Quick Takes: Another Scholar Barred From U.S., Latest on Irvine Scandal, Uninviting Summers, Paying Commission on Foreign Students, Unreported Lab Incidents, New Cartoon Furor, MassBay Tensions, Paperless Aid Applications, Katrina Recovery Funds

September 17, 2007
  • An assistant professor at Mills College is the latest foreign academic to be kept out of the United States for reasons no government official will discuss. Nalini Ghuman, a musicologist, studied and worked in the United States for a decade before being detained and turned back last year, after returning from a research trip, The New York Times reported. Ghuman is a British citizen and academic groups say that she is a respected scholar and artist. In more than a year of trying, Ghuman and her backers have been unable to get any answer about why she was blocked. The American Musicological Society is among the groups pushing for Ghuman to be able to return to her work at Mills.
  • More information is coming out about the political pressure that may have led Michael V. Drake, chancellor of the University of California at Irvine, to rescind an offer to Erwin Chemerinsky to become the first dean of Irvine's new law school. The Associated Press reported that a conservative political figure had been circulating e-mail prior to the withdrawal of the job offer, seeking strategies for preventing the job from going to Chemerinsky, a Duke University law professor. Chemerinsky said Drake told him that his liberal political views would create problems for Irvine -- although Drake has since denied that politics had any role. A petition of professors and others, calling the university's handling of the job offer "rank amateurism" that endangers academic integrity, has gathered hundreds of signatures. The Los Angeles Times, meanwhile, reported that Irvine is trying to rehire Chemerinsky, although it is unclear if he is open to the idea.
  • Following objections from professors, the University of California Board of Regents has uninvited Lawrence H. Summers to dinner this Wednesday, The Davis Enterprise reported. Some faculty members said that the invitation to the former Harvard president was inappropriate in light of his statements about women and science.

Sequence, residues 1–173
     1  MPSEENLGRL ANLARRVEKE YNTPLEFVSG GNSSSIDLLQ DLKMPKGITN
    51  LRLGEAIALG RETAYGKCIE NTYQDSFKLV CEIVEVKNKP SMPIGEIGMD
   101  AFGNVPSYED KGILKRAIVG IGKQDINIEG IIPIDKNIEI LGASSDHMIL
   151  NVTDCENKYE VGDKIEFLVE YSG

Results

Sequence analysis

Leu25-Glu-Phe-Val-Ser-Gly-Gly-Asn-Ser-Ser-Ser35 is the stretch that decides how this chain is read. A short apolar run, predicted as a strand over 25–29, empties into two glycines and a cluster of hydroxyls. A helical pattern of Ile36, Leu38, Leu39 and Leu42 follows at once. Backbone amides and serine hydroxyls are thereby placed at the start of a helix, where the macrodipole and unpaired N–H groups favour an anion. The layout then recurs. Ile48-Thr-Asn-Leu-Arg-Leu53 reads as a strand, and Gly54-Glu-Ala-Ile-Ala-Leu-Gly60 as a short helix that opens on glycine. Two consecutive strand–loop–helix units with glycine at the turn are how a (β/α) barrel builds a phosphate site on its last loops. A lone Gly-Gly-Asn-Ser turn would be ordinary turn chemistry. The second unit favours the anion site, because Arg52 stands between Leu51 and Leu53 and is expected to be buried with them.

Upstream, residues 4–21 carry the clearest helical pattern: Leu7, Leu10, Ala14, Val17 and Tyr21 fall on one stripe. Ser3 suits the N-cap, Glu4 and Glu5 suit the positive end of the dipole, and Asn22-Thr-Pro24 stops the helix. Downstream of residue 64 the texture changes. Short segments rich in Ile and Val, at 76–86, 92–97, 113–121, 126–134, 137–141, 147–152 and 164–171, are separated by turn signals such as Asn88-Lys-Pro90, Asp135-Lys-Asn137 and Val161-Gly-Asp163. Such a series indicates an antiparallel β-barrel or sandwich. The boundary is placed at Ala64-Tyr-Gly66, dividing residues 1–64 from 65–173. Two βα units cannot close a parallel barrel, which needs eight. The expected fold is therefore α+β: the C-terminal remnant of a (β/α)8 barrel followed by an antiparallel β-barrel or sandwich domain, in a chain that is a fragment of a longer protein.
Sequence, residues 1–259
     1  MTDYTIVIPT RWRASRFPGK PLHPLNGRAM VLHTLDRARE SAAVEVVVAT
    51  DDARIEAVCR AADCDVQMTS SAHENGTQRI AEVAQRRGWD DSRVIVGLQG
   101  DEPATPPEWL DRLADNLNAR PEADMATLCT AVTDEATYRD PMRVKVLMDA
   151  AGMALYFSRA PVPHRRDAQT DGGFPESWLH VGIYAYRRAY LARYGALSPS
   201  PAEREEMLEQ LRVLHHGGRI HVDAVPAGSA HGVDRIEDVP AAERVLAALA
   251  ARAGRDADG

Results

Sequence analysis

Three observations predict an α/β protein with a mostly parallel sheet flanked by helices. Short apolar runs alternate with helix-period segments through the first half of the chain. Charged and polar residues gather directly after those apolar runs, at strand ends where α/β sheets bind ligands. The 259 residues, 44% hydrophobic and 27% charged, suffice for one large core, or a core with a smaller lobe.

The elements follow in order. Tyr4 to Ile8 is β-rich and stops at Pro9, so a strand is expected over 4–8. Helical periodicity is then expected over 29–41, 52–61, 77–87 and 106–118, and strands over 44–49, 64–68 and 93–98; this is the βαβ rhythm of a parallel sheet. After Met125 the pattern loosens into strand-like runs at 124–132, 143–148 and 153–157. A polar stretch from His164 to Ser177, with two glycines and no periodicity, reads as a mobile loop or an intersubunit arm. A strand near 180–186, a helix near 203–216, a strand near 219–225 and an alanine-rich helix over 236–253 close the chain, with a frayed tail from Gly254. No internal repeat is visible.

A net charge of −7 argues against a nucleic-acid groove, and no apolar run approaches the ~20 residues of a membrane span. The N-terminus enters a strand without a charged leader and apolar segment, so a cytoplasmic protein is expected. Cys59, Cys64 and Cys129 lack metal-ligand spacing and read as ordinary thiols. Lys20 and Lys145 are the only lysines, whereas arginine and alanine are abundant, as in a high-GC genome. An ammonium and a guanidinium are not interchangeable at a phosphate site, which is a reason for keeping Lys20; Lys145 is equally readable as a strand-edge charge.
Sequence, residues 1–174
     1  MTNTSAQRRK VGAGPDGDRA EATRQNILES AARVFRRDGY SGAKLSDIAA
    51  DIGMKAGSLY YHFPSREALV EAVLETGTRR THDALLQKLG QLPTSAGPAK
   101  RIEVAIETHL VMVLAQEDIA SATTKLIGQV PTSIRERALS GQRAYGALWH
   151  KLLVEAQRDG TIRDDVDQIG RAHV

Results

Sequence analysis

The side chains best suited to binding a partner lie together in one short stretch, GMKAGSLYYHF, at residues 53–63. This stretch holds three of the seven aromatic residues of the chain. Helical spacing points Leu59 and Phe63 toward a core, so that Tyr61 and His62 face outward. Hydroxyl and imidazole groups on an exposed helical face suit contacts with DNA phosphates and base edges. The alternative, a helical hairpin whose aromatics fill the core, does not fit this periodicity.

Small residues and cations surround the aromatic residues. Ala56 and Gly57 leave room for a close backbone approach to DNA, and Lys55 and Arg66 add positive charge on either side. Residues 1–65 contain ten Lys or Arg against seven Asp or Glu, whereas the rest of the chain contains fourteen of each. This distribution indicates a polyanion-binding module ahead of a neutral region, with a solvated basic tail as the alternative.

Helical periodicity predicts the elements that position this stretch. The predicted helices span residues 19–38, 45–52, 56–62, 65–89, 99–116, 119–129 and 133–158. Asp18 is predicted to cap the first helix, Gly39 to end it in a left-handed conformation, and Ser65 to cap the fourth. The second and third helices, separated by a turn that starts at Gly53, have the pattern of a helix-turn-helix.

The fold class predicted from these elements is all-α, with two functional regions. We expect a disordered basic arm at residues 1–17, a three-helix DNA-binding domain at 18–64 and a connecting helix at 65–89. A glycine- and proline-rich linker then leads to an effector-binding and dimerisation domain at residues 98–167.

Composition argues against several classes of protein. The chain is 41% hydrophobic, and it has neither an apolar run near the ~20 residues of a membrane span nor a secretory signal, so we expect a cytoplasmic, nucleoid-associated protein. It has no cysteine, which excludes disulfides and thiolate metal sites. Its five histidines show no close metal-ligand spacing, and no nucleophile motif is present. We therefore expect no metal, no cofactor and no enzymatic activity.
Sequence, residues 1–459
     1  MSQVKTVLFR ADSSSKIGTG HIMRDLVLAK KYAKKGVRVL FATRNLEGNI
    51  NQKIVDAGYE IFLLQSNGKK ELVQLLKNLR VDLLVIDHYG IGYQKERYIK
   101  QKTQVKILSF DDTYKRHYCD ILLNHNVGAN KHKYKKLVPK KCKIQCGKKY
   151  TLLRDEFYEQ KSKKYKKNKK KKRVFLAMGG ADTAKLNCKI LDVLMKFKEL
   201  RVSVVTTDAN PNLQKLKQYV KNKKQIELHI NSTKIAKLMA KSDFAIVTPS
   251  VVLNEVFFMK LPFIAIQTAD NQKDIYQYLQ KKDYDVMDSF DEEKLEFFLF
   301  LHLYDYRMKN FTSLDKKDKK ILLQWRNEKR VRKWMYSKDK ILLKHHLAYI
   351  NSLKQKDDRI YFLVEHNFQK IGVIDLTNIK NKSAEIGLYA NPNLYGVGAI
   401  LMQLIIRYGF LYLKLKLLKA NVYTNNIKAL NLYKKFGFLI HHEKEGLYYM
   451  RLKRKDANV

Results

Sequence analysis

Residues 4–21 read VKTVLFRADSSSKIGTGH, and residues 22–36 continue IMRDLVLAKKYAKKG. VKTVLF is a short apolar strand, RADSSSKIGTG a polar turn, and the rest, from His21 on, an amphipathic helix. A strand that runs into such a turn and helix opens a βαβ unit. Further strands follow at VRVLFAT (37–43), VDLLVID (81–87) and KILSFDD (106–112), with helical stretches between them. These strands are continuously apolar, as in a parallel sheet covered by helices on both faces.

• It is illegal for colleges to pay commission on recruiting new students in the United States. But the law doesn't apply to branch campuses abroad and The Baltimore Sun reported on eyebrows being raised by the way the University of Maryland University College is paying commissions on students recruited to a new branch campus in Taipei. Under the arrangement, up to 25 percent of tuition is going to the recruiter. Maryland officials defended their practices, noting that other American universities do the same thing.
  • The University of Texas failed to report 10 out of 13 laboratory accidents for which federal reports were required, the Associated Press reported. Texas officials vowed to improve procedures. The university announced the missed reports after the Sunshine Project, which monitors potentially dangerous research, started its own inquiry.
  • Some professors at Central Connecticut State University are demanding the dismissal of Mark Rowan as editor of The Recorder, the student newspaper, because of a cartoon that appears to make reference to urinating on a Hispanic girl locked in a closet, The Hartford Courant reported. Some students are also protesting the cartoon, which can be found on the last page of this PDF of the newspaper's latest issue. Rowan has declined to say who drew the cartoon, but said that the artist was not connected to the university. Rowan told the Courant "I don't find it offensive" and said he believed most students agreed. In February, students at Central Connecticut State held several protests of protest an article in The Recorder, the student newspaper, called “Rape Only Hurts If You Fight It.” The article described rape as a “magical experience” and said it was helpful to “ugly women.” The Courant quoted the student newspaper’s editors as saying that the article was intended as satire.
  • Six deans have been ousted and the faculty union is at odds with the president of Massachusetts Bay Community College, The Boston Globe reported. Carole Berotte Joseph has said that major changes are needed to deal with problems facing the college, but critics say her style has hindered progress.
  • Printed application forms for federal financial aid will no longer be routinely sent out, the U.S. Education Department has announced. Most applicants already apply online.
  • The U.S. Education Department last week announced an additional $30 million in aid to colleges and universities that were affected by Hurricanes Katrina and Rita. Twenty-two colleges and universities are receiving grants, and 21 of them are in the states where the two hurricanes did the most damage: Louisiana, Mississippi and Texas. One other institution -- Miami Dade College -- is receiving a grant. An Education Department document said that Miami Dade's funds were to make up for enrollment losses that followed Hurricane Katrina.
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